Saturday, July 23, 2011

What the Boom in Silicon Valley Means for the Rest of the Economy

The epicenter of the latest manipulated Federal Reserve boom is Silicon Valley. New IPO's are streaming out of the area and employment is climbing.

California as a whole had an estimated 14.1 million non-farm payroll jobs last month, up by almost 157,000 from June 2010, for an annual increase of 1.1 percent.

The gains, however, are largely in tech-focused areas, especially San Jose and the broader San Francisco Bay Area. In the last month, net job gains in just five Bay Area counties totaled 44 percent of all gains in California employment.

As money seeps in to the economy the employment picture will climb across the country, just keep in mind that employment is a lagging indicator. Silicon Valley is just the start. They are getting the money first. There are likely other entry points as well, such as the midwest farming belt.

 If you want to look at a broader leading indicator, look as the stock market, which is turning strong again.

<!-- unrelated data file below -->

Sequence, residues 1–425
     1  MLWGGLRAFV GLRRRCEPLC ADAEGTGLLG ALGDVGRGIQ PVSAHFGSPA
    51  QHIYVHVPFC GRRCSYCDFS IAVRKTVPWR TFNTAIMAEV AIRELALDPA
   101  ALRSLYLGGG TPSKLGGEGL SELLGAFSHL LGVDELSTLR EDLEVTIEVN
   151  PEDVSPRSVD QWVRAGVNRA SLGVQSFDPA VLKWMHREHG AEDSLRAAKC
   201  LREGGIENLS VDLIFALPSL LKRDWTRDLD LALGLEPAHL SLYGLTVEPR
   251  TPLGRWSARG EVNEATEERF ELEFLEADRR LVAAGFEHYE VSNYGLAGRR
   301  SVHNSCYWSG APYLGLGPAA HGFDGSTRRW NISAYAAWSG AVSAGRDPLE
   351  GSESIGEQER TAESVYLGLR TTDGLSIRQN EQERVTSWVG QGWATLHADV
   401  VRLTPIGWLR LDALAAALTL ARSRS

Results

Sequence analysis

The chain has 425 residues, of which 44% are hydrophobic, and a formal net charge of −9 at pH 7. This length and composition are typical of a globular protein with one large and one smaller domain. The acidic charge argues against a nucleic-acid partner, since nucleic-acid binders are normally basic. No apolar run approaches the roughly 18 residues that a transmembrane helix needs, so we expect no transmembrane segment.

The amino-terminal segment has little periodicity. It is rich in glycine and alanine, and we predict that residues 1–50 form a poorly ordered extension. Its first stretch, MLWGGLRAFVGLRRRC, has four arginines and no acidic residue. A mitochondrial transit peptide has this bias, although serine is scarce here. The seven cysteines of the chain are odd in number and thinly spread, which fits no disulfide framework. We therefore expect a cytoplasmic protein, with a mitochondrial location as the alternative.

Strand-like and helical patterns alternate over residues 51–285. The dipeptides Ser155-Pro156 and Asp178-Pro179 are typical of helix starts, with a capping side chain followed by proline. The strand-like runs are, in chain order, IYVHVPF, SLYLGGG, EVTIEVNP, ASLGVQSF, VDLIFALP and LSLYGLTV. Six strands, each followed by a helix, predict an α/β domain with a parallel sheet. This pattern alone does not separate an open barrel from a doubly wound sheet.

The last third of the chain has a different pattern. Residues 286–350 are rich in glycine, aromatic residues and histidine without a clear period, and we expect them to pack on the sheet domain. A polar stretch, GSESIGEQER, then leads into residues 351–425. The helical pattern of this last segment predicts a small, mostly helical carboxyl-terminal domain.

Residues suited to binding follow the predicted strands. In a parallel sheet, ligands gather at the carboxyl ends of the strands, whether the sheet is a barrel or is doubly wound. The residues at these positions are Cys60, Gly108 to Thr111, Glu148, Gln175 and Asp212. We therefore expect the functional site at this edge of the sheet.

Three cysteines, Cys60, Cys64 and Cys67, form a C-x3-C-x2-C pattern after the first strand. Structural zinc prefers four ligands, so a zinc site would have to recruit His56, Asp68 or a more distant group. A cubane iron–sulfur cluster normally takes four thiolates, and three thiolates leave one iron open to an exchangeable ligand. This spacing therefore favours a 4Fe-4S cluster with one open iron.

Ben Bernanke runs a very erratic monetary policy, but it looks like for the time being it is an accelerating monetary policy, which means continuing strength in Silicon Valley that will spread over the economy. I hasten to add this monetary policy is about accelerating money printing that will also lead to accelerating price inflation.

1 comment:

  1. We've been following this story as well. The important thing to keep in mind is how narrow this "boom" really is: tons of money are flowing into Valley tech start-ups, engineer salaries are rising, and home prices in tonier areas are soaring; yet even in the Valley, unemployment is above the national average. A telling sign comes from the June employment numbers: the Valley added a lot of jobs, but the unemployment rate actually shot up; the state estimates that Santa Clara County (San Jose, Sunnyvale, Palo Alto, Mountain View, Los Gatos, Los Altos) jumped over 10% last month. The reason? "Out of the labor force" describes a very large segment of California's population, and the good news in the Bay Area is leading many of these folks to start looking for work again. Yet, unless they offer a very specific set of skills, they're finding the job market is still very weak here.